I first read this book 15 years ago and offered it as a kindness class, both an online and an in-person version. I was able to track down Mike McIntyre by doing a little Internet sleuthing back then. As means of a reflection exercise, here is what he wrote to me in 1999 when he heard I was using his book to promote kindness.
I’m glad you have found something of worth in “Kindness” to use in your program. It sounds like you run a unique and creative school. I’ve heard from teachers (from junior high thru college) who have taught “Kindness” in their classrooms. I don’t know why, but it always surprises me. When I hear of youngsters reading the book, my one big regret about the journey is the whole hitchhiking thing. I don’t want to be the reason some kid hops into a car with a child molester (or worse). Even though everything in the book is true, the journey probably works better as a symbol–that is, if there is any meaning to be gleaned from the experience other than the obvious. But you are a teacher and already know this, of course.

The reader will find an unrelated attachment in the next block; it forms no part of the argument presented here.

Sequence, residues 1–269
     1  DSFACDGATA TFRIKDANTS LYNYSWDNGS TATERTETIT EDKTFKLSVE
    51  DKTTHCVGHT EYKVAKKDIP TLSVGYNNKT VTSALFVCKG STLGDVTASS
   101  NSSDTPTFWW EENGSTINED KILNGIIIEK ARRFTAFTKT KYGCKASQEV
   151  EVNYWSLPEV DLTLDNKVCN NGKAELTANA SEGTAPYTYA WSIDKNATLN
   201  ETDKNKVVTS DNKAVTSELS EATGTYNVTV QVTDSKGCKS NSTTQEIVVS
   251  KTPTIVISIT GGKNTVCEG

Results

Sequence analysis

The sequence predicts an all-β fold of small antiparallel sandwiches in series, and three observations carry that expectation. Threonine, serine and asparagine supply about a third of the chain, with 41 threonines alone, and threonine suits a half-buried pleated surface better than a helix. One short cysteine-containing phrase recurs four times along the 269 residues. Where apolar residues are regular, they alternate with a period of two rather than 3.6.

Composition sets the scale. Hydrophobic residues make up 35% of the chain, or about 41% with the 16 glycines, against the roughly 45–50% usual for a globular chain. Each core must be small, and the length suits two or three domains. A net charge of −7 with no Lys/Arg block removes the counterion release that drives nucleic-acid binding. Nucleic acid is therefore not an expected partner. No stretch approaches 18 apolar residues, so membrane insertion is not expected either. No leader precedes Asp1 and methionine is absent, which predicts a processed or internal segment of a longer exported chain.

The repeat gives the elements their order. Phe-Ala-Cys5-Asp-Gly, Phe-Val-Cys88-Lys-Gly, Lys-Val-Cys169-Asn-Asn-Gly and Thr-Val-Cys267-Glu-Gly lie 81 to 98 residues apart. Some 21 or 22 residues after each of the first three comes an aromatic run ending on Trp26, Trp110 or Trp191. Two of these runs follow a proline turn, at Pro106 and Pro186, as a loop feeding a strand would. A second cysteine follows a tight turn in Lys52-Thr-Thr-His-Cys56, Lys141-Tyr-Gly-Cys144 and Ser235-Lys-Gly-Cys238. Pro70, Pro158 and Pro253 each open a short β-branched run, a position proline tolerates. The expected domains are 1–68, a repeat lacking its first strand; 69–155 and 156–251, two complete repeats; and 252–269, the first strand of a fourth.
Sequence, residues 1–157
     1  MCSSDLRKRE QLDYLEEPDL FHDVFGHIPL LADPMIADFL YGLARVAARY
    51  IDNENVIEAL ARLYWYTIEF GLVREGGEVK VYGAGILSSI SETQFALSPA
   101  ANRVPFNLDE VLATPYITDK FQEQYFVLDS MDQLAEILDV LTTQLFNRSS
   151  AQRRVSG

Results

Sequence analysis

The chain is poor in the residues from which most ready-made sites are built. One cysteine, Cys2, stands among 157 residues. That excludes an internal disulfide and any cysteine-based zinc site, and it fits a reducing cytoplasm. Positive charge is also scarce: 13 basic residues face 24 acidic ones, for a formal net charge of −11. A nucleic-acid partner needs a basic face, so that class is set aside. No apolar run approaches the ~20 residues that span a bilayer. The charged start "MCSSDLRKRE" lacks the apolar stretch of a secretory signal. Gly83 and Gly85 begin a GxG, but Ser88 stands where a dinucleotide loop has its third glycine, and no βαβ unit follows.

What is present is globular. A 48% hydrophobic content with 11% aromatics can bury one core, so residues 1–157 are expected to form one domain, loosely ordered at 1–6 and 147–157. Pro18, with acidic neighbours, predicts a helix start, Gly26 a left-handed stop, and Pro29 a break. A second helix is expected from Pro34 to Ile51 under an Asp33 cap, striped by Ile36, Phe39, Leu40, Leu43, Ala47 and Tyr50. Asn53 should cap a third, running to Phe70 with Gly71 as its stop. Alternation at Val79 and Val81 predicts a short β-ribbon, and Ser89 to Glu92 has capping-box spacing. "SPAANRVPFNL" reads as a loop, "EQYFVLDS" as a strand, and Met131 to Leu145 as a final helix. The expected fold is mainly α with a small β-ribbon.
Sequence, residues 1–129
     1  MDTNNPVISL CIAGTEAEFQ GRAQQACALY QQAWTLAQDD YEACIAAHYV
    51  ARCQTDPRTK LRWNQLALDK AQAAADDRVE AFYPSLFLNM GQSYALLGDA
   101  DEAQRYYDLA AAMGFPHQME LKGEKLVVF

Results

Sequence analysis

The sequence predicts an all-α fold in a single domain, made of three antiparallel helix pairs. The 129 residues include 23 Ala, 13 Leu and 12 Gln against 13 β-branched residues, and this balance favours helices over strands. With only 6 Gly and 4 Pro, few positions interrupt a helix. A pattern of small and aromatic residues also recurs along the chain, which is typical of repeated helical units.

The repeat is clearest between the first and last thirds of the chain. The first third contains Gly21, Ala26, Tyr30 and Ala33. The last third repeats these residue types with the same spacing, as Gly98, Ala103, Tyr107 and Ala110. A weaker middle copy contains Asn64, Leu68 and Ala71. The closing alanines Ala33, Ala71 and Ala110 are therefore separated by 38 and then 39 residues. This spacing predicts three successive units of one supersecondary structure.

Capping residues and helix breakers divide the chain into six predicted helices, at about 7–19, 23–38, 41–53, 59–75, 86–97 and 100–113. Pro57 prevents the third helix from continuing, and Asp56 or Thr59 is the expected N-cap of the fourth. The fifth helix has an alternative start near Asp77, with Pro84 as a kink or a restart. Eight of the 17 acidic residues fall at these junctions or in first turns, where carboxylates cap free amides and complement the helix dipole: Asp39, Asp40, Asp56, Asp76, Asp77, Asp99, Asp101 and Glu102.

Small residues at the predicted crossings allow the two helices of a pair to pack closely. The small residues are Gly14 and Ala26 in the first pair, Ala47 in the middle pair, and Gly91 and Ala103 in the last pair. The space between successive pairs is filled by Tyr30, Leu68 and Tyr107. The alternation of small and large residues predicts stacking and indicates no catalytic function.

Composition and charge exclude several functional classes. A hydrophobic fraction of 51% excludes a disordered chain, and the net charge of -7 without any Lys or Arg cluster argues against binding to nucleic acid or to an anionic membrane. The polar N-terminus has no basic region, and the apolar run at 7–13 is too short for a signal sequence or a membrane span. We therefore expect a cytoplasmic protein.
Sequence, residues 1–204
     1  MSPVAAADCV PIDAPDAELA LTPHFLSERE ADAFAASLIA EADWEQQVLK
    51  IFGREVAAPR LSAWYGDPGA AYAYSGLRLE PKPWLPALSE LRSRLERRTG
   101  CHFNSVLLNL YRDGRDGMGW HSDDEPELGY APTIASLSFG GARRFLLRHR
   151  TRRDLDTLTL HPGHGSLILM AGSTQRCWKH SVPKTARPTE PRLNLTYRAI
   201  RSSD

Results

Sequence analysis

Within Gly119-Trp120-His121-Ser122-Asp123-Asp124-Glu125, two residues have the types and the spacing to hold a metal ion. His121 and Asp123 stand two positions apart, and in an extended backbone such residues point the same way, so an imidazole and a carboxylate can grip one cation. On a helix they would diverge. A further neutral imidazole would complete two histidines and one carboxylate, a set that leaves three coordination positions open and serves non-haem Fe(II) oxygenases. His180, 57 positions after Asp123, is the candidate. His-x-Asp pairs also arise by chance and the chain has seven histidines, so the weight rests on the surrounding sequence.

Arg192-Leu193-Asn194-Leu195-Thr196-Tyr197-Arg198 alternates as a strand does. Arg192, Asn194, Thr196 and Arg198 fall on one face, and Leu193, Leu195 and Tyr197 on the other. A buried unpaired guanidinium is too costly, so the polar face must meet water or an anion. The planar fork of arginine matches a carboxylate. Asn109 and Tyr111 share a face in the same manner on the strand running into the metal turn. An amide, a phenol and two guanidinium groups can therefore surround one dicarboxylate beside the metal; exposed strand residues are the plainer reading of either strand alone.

I was glad to make that trip, though I would not do it again. In retrospect, sheer insanity. I’m pleased that people are willing to look past the darkness and cynicism to find something inspirational. When I left on that journey, I fully expected to have a negative experience. That it ended as the most rewarding experience of my life was truly a shock. My intent was never to write about kindness. That’s just what greeted me along the way, and I just wrote down what happened. If my book prompts people to commit acts of random kindness, great, but I feel squeamish about posing as an advocate for kindness (if this doesn’t sound too silly). So, while I support your efforts to use my book in any educational way you see fit, I must decline your invitation to directly participate in your programs.
Thanks for taking the time to write me.
Best, Mike McIntyre
I’m curious how any of you react to this message. Does it in any way change your opinion of him, positively or negatively?